0
$\begingroup$

This might seem silly but I am unable to find a clear answer: I need to define whether two variables are either discrete or continuous: "total work" and "sleep". The description of these variables are as follows: total work - minutes worked per week sleep - minutes sleep at night, per week

The data given for these variables are all integers (no decimals) which inclines me to think both variables are discrete. Additionally to me it seems you can only sleep or work a finite amount of time in this case, given the constraint of "per week" as well as "per night"but maybe that is irrelevant as to whether they are discrete/continuous? Any help?

$\endgroup$
  • 1
    $\begingroup$ Answers & comments so far suggest it might be futile, or at least perplexing, to try to determine whether the variables are in some sense truly discrete or continuous. As you say, you need to define them as discrete or continuous: edit your question to explain to what end. $\endgroup$ – Scortchi - Reinstate Monica Mar 17 '18 at 15:03
1
$\begingroup$

If your data values are all integers, this means that the "total work" and "sleep" are both being measured in whole minutes (i.e., part minutes are not being recorded). In view of this, your data is discrete. This is an example where a notionally continuous variable is being "discretised" by measurement limitations.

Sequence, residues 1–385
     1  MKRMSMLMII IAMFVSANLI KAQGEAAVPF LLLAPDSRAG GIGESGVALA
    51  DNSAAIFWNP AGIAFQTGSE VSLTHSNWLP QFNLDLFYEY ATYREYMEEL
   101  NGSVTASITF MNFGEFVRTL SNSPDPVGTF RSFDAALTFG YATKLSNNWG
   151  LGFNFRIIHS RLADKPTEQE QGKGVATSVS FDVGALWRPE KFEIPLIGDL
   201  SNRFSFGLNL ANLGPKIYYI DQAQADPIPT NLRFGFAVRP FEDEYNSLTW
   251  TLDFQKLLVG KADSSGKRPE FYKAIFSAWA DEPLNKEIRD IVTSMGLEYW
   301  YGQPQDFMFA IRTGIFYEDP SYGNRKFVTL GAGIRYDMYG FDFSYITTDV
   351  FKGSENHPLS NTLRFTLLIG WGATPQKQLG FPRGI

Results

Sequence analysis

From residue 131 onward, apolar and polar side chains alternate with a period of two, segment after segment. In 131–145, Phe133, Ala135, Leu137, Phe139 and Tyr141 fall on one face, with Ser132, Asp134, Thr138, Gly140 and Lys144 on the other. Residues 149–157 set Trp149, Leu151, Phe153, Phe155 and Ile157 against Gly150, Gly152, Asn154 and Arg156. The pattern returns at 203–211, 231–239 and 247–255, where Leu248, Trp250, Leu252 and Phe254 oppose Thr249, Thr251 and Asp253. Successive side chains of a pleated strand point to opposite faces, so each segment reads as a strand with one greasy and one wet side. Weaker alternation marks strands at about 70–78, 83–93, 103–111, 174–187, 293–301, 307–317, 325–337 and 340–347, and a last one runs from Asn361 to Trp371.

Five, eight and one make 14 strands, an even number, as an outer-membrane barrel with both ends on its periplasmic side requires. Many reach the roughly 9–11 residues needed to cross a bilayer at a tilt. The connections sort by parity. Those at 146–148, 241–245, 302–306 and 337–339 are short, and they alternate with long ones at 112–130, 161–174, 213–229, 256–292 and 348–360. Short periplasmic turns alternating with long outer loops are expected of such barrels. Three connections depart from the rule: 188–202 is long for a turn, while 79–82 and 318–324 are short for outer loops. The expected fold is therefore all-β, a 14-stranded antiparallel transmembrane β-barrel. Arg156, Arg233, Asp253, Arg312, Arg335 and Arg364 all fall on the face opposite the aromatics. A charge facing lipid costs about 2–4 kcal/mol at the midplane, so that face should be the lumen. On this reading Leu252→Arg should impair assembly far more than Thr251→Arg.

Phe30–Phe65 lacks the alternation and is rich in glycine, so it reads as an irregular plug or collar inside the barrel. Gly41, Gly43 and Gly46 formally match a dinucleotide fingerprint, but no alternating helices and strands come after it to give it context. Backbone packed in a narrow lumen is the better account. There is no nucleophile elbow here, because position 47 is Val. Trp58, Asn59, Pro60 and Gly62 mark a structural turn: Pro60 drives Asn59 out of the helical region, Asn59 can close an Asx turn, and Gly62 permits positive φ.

| cite | improve this answer | |
$\endgroup$
  • 1
    $\begingroup$ Are data are always discrete to some level of precision. The underlying construct being measured is clearly continuous. $\endgroup$ – dbwilson Mar 17 '18 at 12:12
  • $\begingroup$ Yes, that is correct. Since our measuring instruments always have finite precision, we can go down only to a certain non-zero unit of measurement. If this is sufficiently fine then we might use continuity as a good approximation, but if the measurements are quite crude, we might prefer a discrete model. $\endgroup$ – Ben Mar 17 '18 at 22:37

Your Answer

By clicking “Post Your Answer”, you agree to our terms of service, privacy policy and cookie policy

Not the answer you're looking for? Browse other questions tagged or ask your own question.